Introduction to Prospect Council Footpaths
Prospect Council footpaths are essential to my life, as I moved into the area in October 2019. As I use a wheelchair, the footpaths need to be suitable for use. Unfortunately, I am yet to find a single street in the whole Prospect Council area that is suitable. What is my definition of ‘suitable’?
A ‘suitable’ footpath allows mobility devices to travel at the legal speed of 10 kph in a safe and smooth manner.
- You don’t fall out and the experience doesn’t make you feel that you may fall out
- The pain in your body doesn’t increase
- Your mobility device isn’t shaken around, as this can cause damage
Minor bumps are ok. The following are not acceptable…
- large tree roots
- pavers out of place
- concrete paver block that has moved up or down, and result in a sudden drop or a raise
- steep incline to the road
- multiple sources of material used in a small area
- and others
Bad Prospect Council Footpaths no more
Fortunately, Prospect Council encourages residents to report problems with footpaths. On their website about footpaths, they mention the process…
- Report the problem (either a footpath tripping request, footpath maintenance or footpath needs to be blown)
- An inspection will occur once the report has been received
- The work is prioritised according to the level of risk (based on severity, frequency use, proximity to facilities)
- Hazardous issues more quickly
- Other issues potentially attended to during their bi-annual maintenance visits
Once received an inspection will be undertaken and any maintenance required will be prioritised according to the level of risk present. The evaluation or risk management process for footpaths takes into account the severity of damage/displacement, frequency of use and proximity to facilities such as aged care facilities or schools. Hazardous issues are then addressed more quickly than those that can potentially be attended to during our bi-annual scheduled precinct maintenance visits.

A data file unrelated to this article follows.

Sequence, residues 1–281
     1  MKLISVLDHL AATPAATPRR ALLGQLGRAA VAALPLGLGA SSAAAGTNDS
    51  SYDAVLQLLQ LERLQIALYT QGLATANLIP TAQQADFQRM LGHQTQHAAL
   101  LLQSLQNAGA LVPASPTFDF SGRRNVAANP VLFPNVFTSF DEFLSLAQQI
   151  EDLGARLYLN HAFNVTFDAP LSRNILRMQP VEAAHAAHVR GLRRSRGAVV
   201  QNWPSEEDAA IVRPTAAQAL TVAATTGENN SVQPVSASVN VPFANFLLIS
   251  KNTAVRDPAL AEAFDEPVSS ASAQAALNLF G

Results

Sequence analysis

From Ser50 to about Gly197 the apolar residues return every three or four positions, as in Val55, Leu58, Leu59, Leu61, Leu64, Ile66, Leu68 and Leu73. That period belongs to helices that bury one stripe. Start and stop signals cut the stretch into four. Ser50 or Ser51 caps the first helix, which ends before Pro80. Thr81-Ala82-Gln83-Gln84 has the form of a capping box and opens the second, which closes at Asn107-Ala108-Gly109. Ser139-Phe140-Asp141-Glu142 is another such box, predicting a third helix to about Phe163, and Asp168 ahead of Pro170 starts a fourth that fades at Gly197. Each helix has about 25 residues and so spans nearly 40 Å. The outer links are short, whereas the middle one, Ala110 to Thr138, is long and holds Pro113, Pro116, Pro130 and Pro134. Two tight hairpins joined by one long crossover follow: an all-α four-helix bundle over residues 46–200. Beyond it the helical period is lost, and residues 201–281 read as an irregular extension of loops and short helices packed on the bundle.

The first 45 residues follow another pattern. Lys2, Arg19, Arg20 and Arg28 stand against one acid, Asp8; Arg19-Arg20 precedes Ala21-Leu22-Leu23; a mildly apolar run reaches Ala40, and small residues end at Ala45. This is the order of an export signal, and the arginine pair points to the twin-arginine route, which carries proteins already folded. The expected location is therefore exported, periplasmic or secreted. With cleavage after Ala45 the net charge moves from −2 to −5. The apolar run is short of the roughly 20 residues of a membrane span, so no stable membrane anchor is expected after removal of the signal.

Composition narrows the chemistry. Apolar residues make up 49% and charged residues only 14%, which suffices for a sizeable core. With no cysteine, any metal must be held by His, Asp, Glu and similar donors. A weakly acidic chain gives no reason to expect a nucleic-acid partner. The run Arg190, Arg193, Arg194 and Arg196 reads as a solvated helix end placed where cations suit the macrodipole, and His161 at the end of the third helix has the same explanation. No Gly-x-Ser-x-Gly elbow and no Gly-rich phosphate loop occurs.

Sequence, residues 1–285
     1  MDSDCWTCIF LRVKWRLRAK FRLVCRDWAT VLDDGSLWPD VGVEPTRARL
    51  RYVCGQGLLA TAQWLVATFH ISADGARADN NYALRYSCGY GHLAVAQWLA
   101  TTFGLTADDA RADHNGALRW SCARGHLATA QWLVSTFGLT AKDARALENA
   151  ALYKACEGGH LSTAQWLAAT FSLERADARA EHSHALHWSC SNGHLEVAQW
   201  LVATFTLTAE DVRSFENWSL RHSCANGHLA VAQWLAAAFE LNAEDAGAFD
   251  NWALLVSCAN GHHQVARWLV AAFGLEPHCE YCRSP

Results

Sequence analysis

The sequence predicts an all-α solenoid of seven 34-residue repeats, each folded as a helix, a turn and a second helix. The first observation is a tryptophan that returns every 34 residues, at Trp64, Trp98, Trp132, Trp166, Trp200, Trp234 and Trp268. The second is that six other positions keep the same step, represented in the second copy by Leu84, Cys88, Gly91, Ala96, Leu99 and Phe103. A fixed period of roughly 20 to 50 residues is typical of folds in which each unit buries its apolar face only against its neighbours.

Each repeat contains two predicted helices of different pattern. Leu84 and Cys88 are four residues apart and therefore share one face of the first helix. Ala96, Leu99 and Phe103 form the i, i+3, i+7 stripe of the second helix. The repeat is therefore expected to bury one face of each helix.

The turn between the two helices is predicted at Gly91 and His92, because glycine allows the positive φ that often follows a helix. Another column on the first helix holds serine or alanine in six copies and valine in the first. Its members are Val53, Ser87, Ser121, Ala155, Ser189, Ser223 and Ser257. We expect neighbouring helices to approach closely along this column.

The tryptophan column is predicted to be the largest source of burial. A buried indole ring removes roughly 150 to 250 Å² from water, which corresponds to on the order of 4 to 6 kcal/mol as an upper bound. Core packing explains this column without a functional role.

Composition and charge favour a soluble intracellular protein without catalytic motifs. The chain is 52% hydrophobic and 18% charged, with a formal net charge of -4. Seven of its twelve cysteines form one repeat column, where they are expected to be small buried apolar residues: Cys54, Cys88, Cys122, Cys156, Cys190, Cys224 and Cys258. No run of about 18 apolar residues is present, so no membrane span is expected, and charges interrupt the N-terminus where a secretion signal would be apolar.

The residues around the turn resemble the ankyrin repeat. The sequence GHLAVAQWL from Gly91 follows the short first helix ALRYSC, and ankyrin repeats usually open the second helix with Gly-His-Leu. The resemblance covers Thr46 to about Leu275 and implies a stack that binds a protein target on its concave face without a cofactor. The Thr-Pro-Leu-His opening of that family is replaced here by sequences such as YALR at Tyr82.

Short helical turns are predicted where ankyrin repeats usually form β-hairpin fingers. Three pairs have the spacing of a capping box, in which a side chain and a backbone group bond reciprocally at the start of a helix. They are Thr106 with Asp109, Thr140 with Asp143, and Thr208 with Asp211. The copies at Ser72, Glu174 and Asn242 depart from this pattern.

I’ve only reported hazardous issues and the assumption can be made that the issues will be addressed more quickly than other requests.
I’m not the only one having issues with prospect council footpaths
Mayor David O’Loughlin holds a Mayor’s Disability Consultative Forum every two years. The Mayor and the Infrastructure manager attended and listened to PWD (people with disabilities) about accessibility in Prospect council area.
There were around 3 people using mobility devices and they shared issues experienced with footpaths. I am sure there are many other people using wheelchairs, scooters or other mobility devices that have similar problems. The PCFR project began.
Prospect Council Footpath Resolution project
The goals of the project are
- Determine a better name!
- Help the Prospect Council identify every footpath in the Prospect Council area that is hazardous for mobility device users
- Encourage the Prospect Council to resolve the hazardous footpath issues in a timely manner
The goals will be achieved by
- Developing a plan, a process and a website
- Advertising the project – this website, as well as other media, will be utilised
- Recruiting people – to help identify the footpath problems. Ideally, they use a mobility device as they have first hard experience in negotiating footpaths
- Allocating footpaths to the team members
- Reporting the problem to the council
- Adding the problem to our database – to keep track of the issues
- Following up and encouraging Prospect council to resolve the footpath issues
The database of known issues is here.